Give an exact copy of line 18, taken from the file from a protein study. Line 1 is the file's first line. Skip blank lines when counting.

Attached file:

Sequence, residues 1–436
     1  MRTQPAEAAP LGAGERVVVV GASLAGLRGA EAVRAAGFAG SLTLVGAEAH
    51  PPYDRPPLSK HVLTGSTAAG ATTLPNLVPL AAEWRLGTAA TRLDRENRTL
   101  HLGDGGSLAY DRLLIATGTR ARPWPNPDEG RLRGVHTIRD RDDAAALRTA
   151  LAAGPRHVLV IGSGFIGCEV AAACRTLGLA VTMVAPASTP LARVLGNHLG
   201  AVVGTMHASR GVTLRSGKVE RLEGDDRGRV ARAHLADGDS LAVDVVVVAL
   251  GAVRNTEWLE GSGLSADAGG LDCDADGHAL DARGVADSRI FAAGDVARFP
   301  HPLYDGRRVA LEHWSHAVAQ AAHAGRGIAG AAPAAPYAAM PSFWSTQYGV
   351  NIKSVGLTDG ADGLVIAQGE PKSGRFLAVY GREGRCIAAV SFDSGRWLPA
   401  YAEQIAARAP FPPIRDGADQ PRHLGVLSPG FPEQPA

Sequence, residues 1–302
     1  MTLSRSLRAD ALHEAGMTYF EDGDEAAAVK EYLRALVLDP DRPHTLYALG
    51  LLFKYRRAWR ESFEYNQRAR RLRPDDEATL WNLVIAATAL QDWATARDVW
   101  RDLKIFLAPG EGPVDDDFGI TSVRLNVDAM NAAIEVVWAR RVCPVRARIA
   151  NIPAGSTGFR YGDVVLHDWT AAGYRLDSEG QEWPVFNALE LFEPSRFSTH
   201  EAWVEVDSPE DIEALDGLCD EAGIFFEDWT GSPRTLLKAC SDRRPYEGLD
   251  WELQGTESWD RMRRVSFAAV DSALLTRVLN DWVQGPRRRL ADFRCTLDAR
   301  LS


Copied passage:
   301  LS